World Kidney Day is an initiative organised annually by the International Society of Nephrology and the International Federation of Kidney Foundations, the aim of which is to raise awareness about the importance of our kidneys. This year’s theme is ‘Living well with kidney disease’.
Diabetes is one of the leading causes of chronic kidney disease, making it a common diabetes-related complication for people living with the condition. The International Diabetes Federation estimates that diabetes and hypertension together cause 80% of end-stage renal disease cases globally. This happens due to damage caused to small blood vessels in the kidneys over time, which leads to poorer kidney function. This results in around 40% of people living with diabetes developing kidney disease in their lifetime. As with many other diabetes-related complications, with the right care and medication, it is possible to live well with kidney disease. It is also possible to reduce the risk of kidney complications through frequent screening of people living with diabetes (every year after diagnosis for people living with Type 2 and the same after the first five years in people living with Type 1 diabetes). Read more about the link between diabetes and kidney disease here.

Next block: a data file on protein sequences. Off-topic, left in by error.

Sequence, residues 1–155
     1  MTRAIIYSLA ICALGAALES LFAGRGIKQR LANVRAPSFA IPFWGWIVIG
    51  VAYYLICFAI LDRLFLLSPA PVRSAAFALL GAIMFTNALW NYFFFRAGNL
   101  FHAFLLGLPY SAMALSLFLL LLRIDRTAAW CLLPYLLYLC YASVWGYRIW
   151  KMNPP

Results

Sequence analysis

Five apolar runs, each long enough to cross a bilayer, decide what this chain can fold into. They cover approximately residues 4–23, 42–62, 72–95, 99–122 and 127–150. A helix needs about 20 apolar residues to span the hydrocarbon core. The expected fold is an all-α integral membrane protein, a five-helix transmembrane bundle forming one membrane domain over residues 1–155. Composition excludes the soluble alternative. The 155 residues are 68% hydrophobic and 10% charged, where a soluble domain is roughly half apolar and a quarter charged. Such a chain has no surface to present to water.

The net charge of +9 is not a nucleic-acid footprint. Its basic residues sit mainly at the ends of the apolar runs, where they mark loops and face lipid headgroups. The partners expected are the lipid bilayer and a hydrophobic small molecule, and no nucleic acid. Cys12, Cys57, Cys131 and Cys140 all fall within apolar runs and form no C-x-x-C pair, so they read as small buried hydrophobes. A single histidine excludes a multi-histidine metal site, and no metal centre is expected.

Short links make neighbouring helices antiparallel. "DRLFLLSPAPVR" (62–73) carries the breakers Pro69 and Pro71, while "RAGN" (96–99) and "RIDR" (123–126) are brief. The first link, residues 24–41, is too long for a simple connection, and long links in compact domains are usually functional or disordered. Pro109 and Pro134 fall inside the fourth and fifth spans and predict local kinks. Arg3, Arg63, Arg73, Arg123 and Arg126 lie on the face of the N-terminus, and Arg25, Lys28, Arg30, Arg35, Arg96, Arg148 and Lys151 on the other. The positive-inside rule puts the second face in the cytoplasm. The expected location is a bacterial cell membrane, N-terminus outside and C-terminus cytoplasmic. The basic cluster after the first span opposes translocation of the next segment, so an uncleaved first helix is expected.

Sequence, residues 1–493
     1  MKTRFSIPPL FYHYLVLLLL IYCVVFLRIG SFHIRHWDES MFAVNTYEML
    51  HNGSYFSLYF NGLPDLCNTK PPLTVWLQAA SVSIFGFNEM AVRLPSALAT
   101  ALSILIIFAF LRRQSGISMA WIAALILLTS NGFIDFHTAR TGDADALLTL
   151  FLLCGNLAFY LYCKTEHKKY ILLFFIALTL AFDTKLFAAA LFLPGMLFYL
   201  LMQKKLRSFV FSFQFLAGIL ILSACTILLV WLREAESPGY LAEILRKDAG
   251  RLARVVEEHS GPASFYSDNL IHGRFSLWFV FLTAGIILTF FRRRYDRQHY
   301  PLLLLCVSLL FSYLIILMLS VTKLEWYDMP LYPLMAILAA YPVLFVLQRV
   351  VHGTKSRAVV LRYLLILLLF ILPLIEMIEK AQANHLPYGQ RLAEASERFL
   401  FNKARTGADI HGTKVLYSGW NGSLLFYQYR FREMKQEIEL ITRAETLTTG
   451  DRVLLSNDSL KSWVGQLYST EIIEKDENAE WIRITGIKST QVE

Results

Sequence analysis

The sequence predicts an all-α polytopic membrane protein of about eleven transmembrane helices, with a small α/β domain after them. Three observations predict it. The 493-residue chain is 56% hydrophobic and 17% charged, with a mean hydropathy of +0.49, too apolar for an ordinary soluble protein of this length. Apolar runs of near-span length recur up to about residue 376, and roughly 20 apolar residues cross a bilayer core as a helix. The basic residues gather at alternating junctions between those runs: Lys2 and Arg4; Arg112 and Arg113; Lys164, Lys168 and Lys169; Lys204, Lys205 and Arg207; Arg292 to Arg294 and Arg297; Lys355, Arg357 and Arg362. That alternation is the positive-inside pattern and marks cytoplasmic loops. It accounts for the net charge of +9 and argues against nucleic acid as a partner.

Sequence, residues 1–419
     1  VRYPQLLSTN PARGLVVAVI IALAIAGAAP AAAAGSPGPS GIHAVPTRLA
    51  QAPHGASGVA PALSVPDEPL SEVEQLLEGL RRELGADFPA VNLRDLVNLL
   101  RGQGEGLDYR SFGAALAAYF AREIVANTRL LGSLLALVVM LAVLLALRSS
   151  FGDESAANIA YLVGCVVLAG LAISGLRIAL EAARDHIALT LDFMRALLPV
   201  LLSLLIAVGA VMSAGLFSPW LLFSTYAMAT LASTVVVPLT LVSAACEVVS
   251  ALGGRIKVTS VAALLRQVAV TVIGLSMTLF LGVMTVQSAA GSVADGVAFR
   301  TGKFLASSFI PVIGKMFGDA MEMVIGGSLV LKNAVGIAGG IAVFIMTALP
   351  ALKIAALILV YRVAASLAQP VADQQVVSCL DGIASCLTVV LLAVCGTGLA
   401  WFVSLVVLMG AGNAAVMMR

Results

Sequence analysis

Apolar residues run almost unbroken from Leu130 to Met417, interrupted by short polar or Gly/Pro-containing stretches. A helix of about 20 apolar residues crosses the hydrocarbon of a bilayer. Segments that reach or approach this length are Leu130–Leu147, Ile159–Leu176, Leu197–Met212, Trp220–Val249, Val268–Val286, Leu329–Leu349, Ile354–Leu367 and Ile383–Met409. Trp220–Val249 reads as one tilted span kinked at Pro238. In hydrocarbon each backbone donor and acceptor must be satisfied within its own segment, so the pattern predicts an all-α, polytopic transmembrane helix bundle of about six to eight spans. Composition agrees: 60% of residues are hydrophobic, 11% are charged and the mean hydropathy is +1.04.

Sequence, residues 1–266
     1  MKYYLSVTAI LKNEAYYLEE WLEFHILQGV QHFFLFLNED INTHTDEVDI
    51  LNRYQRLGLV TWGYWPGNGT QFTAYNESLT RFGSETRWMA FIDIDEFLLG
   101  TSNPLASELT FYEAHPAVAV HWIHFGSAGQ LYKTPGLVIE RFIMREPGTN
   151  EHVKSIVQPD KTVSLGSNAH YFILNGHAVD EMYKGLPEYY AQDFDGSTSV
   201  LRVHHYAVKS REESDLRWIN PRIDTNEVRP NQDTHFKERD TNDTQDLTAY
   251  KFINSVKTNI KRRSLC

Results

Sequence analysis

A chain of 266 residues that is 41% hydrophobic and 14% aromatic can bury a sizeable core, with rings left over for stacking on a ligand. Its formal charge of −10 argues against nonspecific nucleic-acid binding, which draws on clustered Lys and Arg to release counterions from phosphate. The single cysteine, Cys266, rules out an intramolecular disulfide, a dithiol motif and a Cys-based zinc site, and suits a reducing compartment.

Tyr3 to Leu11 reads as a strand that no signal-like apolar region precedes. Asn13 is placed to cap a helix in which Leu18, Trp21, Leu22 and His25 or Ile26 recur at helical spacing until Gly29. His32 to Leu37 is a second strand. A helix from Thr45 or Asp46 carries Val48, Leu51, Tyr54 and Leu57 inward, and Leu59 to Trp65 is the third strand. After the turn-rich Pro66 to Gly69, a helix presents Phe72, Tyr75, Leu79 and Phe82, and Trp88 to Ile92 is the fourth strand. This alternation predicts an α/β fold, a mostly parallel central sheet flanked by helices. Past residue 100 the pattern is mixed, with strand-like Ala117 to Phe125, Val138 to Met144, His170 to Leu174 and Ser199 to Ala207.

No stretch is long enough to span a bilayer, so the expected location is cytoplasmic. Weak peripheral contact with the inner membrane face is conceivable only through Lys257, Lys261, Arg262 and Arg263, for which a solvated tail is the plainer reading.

IDF Europe Board Member and diabetes advocate, Chris Aldred, spoke to us recently about the importance of people living with diabetes knowing the risk factors associated with kidney disease. Click the image below to download it.
Type 2 diabetes develops as a result of complex interactions between environmental, lifestyle, clinical and genetic factors. A lesser-known risk factor are kidney transplants. This is possibly due to the immunosuppressant medication that patients must take in order to prevent rejection of the transplanted organ. This medication may increase the risk of developing diabetes.
What this means for people undertaking a transplant is the need to better understand the modifiable and non-modifiable risk factors associated with diabetes and to be tested for the condition if they begin to display symptoms after the transplant. Early detection will help reduce the risk of complications further down the line. Read more here.